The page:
2. $$S$$ is not a subring of $$R$$ because it's not closed under multiplication; the function $$\sin t \cos t$$ is not in $$R$$. To see this, observe that this function can be written as $$\frac{1}{2}\sin 2t$$. The functions $$1, \sin t, \cos t, \sin 2t, \cos 2t, \ldots$$ are linearly independent over $$\mathbb{R}$$ (this can be proven using the integration trick used to compute Fourier coefficients), so $$\frac{1}{2}\sin 2t$$ can't be written as any other real linear combination of the basis functions, including any integer combination.

Exercise 11.1.7

1. $$R$$ is a ring. To see this, observe that $$(R, +, \cdot)$$ is isomorphic to $$((\mathbb{Z}/2\mathbb{Z})^U, +, \times)$$ where the entry indexed by $$u \in U$$ is 1 if $$u$$ is in the subset and 0 otherwise, and the operations $$+$$ and $$\times$$ act element-wise; that this is a ring follows from the fact that $$\mathbb{Z}/2\mathbb{Z}$$ is.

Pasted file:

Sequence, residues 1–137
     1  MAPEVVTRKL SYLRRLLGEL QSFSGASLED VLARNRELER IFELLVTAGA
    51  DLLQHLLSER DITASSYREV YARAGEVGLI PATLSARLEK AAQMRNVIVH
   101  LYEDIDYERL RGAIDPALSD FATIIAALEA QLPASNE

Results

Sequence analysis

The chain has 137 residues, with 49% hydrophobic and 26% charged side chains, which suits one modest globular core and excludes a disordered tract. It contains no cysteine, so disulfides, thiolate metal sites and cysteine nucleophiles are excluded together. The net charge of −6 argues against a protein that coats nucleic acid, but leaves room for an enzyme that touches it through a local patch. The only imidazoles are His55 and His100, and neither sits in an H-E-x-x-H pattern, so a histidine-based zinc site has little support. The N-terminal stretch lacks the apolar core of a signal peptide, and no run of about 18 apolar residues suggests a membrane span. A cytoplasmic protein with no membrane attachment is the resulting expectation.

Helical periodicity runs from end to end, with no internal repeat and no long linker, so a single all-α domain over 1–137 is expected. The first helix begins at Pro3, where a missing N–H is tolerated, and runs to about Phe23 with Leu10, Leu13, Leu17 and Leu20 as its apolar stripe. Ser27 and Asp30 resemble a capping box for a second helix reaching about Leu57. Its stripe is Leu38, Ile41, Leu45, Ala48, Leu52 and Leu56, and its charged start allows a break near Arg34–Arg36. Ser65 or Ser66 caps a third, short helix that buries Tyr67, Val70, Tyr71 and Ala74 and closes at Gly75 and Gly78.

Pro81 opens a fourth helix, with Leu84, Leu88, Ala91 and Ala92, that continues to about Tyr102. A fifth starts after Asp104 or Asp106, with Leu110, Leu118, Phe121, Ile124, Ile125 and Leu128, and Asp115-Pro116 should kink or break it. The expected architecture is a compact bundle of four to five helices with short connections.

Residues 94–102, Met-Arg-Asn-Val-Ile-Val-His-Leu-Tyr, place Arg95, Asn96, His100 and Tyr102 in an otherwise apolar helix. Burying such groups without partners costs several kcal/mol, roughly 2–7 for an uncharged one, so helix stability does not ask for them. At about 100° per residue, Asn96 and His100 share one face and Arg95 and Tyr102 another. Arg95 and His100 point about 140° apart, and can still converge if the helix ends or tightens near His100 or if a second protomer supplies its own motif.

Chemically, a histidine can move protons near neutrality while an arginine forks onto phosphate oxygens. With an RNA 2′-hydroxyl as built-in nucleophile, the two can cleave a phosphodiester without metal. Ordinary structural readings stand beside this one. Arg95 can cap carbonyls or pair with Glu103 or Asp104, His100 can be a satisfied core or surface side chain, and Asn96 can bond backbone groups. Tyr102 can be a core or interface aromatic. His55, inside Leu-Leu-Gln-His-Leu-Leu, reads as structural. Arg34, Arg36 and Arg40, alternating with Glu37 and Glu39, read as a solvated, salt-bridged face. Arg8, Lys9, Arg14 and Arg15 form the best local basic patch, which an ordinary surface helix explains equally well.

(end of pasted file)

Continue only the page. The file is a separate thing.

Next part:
2. $$R$$ is not a ring because the $$\circ$$ operation isn't commutative. However, $$\circ$$ is associative, and $$(R, +)$$ does form an abelian group. (In fact even the distributive law holds in the form given in the text, which requires right-distributivity only.)

Exercise 11.1.8 In $$\mathbb{Z}/n\mathbb{Z}$$ the element $$m$$ is a unit iff there is some $$a$$ with $$am \equiv 1 \pmod{n}$$, or in other words $$am - bn = 1$$ for some $$a, b \in \mathbb{Z}$$. This equation has solutions iff $$\gcd(m, n) = 1$$. Therefore the units in $$\mathbb{Z}/n\mathbb{Z}$$ are the equivalence classes of integers that are relatively prime to $$n$$. For $$n = 8$$ these are the equivalence classes of 1, 3, 5, and 7; for $$n = 12$$ these are the equivalence classes of 1, 5, 7, and 11.

Exercise 11.1.9 Let $$a, b \in R$$. Using the distributive property and the commutativity of multiplication, we obtain $$(a + 1)(b + 1) = a(b+1) + 1(b+1) = (b+1)a + (b+1)1 = ba + 1a + b1 + 11 = ba + a + b + 1$$. Similarly we can show $$(b+1)(a+1) = ab + b + a + 1$$. But these are equal by commutativity of multiplication, so $$ba + a + b + 1 = ab + b + a + 1$$. Cancelling $$ab$$ on the left and $$1$$ on the right, we are left with $$a + b = b + a$$.